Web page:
At Mr X Stitch we love to review textile art and embroidery books for you. There are so many great books to discover, packed with needlework inspiration and textile techniques, so we dive into each book to find out what’s good, what’s bad and let you know why you should pick it up.
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The Motherhood of Art, written by Marissa Huber and Heather Kirtland is published by Schiffer Publishing Ltd. This hardback publication celebrates mothers and showcases how many have been successful at balancing art with caring for their children. Many styles of art are discussed, including dyeing, painting, weaving and embroidery.
About The Authors
Both of the women who have written this book are practicing artists themselves and have also collaborated on a website to bring together women, especially mothers.
Who Is This Book Aimed At?
Mothers who may feel that they have no time for art now that they have children to look after. This book conveys real life examples, working models of how other mothers have managed to still carve out artistic careers whilst having children.
Firstly lets look at the contents page:
The artists who are involved in this book are clearly listed within this contents.
We will now go through a few highlights from this publication….
Weaving is one of the art types found within this book. It can become a popular activity for many recently, often discussed in home and lifestyle magazines as well as textile based ones. The artists showcased within this section have allowed photographs of their hand drawn plans as well as their finished pieces, which is a nice touch.
Then imagery of the finished piece can be found…..
So the authors here make good visual connections between the planned pieces and the finished versions. This is all a part of the books overall ethos – encouraging mothers to take up art.
We see a lot of stylised imagery throughout this publication. As a book it is A4 in size and comprises of 192 pages. Thus it is a coffee worthy volume to own. This makes the photography important as it has to be appealing, to tempt an audience to pick it up. Lets look at a few examples of the imagery….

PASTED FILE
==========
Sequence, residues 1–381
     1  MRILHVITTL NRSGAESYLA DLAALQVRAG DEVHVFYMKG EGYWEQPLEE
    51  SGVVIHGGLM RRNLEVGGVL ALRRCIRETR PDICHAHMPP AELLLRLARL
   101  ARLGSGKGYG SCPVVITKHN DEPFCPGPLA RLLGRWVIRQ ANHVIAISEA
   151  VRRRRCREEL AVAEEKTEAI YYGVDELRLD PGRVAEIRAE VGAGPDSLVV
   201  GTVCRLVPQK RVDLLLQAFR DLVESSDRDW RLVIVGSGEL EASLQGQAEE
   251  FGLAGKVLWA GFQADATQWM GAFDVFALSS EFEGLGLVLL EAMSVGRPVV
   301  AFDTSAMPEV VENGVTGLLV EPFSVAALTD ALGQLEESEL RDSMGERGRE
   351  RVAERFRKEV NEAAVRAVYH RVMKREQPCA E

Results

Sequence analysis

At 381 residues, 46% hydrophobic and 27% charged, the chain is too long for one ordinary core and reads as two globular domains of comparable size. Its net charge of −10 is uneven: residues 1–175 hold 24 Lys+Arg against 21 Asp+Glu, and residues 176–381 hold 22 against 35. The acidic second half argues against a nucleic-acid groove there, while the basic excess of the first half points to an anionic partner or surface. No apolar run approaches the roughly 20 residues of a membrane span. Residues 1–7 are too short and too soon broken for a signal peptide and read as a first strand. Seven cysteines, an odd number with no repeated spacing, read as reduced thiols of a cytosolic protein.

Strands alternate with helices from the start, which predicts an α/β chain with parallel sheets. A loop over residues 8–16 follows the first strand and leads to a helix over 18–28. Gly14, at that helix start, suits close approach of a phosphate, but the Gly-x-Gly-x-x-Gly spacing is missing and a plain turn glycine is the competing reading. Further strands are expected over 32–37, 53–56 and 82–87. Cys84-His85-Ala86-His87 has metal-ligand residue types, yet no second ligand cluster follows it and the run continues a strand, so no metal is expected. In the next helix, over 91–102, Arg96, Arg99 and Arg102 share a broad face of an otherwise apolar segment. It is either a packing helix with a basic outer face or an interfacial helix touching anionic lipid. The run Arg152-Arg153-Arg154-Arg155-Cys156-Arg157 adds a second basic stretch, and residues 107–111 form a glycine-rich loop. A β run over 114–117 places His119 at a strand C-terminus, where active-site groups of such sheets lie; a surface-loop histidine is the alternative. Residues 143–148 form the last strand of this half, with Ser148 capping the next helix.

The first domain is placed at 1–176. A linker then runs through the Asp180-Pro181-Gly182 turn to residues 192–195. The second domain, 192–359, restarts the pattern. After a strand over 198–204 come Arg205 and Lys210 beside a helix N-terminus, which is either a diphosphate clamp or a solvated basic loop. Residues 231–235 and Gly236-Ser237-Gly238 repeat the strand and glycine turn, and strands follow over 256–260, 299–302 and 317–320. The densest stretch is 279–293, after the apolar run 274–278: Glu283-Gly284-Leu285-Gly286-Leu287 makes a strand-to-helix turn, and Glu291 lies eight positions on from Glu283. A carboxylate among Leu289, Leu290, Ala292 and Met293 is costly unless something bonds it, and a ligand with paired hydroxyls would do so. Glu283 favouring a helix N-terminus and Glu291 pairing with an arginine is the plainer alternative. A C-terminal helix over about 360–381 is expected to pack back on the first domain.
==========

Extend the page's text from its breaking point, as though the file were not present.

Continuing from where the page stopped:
WIP images are captured throughout. We focused on this one, as it is stitch based. Looking at the embroidery explored here, again the message is simple – art doesn’t have to be complex or time consuming, simple hand embroidery can be mastered with kids around.
Following on from the slow stitch WIP example above, we discover ways of using the stitches, captured well to showcase the beauty in the simplistic. This patchwork / boro example works well, with zoomed in focus points as well as whole garment imagery.
What Makes The Book Special?
The versatile nature of this publication, along with its very direct focus makes it niche yet successful as a book. We uncover so many different lifestyles, experiences and art types, yet they all are under the motherhood umbrella. Many women profess not to have time for art once they have children – the authors fight against this is a subtle manner, showing how it is possible. Encouragement is vocalised throughout, making even those who are not child blessed take note – we can all find a place and time for art, we just need to make the time, plan it.
We also enjoyed the natural nature of many of the art types. many surround the traditional, yet are timeless. take natural dyeing as one example. Could we be doing pans of dyeing whilst the children are safe too? The choice is yours.
Anything Wrong With The Book?
If you do not have children, you may feel that this book isn’t worth reading as it does not apply to you. However no matter our gender or life course, we can all enjoy the real life examples and enticing imagery within this book.